UP OR DOWN? A MALE ECONOMIST’S MANIFESTO ON THE TOILET SEAT
ETIQUETTE
JAY P. CHOI∗
This paper develops an economic analysis of the toilet seat etiquette. I investigate whether there
is any efficiency justification for the presumption that men should leave the toilet seat down after
use. I find that the “down rule” is inefficient unless there is a large asymmetry in the
inconvenience costs of shifting the position of the toilet seat across genders. I show that the
“selfish” or the “status quo” rule that leaves the toilet seat in the position used dominates the
down rule in a wide range of parameter spaces including the case where the inconvenience costs
are the same. (JEL D7, H4) Dear Annie: I read with interest the letters about putting down the
toilet seat. I’ve been browbeaten by various women for the past 60 yr about proper seat etiquette,
starting with my mother. If I forget to put the seat down even once, my wife reminds me for
hours about this life-threatening situation. I know you said the last column was the final word on
the subject, but I hope you’ll reopen the issue. I want to ask women: Who gave you exclusive
ownership of the bathroom? If men are nice enough to put the lid down, why can’t you ladies lift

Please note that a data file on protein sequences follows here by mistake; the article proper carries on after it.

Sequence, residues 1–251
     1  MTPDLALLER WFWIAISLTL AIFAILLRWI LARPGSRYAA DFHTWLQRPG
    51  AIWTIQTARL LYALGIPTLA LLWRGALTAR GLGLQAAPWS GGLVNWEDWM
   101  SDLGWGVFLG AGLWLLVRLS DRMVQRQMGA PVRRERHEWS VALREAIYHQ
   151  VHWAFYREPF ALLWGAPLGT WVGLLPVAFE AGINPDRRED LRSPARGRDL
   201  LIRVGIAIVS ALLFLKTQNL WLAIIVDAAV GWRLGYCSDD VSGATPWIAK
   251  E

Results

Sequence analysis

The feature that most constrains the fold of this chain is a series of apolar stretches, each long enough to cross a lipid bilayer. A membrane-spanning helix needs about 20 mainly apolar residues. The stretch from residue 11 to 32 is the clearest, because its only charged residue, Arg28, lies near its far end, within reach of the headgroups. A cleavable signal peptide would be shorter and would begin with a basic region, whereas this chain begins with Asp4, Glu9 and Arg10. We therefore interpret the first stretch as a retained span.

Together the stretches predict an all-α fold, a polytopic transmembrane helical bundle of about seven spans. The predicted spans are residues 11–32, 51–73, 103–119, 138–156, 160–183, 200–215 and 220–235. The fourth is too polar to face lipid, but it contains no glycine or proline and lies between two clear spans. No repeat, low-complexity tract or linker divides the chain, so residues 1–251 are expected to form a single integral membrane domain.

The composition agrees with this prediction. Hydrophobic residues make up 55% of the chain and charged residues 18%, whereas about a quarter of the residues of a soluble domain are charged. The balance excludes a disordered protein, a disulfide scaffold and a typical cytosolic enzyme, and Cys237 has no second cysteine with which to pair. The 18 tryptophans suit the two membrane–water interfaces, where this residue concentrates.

it up when you are done? When I suggested this to my wife, she wanted to have me taken out
and shot. It’s time to rebel!—Fed Up in Salem, Ore. Dear Fed Up: What is it about toilet seats
that excites people? We received hundreds of letters on this subject and decided the “last word”
would have to wait—Kathy Mitchell and Marcy Sugar.1 I. INTRODUCTION Should the toilet
seat be left up or down after use? This is a question that arises when members of the opposite sex
share the same toilet. For some reason, this seemingly trivial question elicits passion from all
sorts of people. It has become a topic of national debates in popular *I thank Carl Davidson and
Roger Lagunoff for helpful discussions and many colleagues for sharing their experiences. I am
solely responsible for the views expressed in this paper. Choi: Professor of Economics,
Department of Economics, Michigan State University, East Lansing, MI 48824. Phone 51-3537281, Fax 517-432-1068, E-mail choijay@msu.edu 1. Annie’s Mailbox by Kathy Mitchell and
Marcy Sugar, October 29, 2002. Annie’s Mailbox is written by Kathy Mitchell and Marcy Sugar,
long time editors of the Ann Landers syndicated column. syndicated columns by Ann Landers
and TV sitcoms such as ABC’s “Home Improvement” and NBC’s “3rd Rock from the Sun.” It is
clear that this age-old debate is divided by the gender. Women complain that it should be the
man’s responsibility to lower the toilet seat after use. “Leaving the toilet seat up” is often
described as a problem, and there is even a toilet seat that goes down automatically after about 2
min, claiming that it has the perfect solution to the problem. Men seem to question why women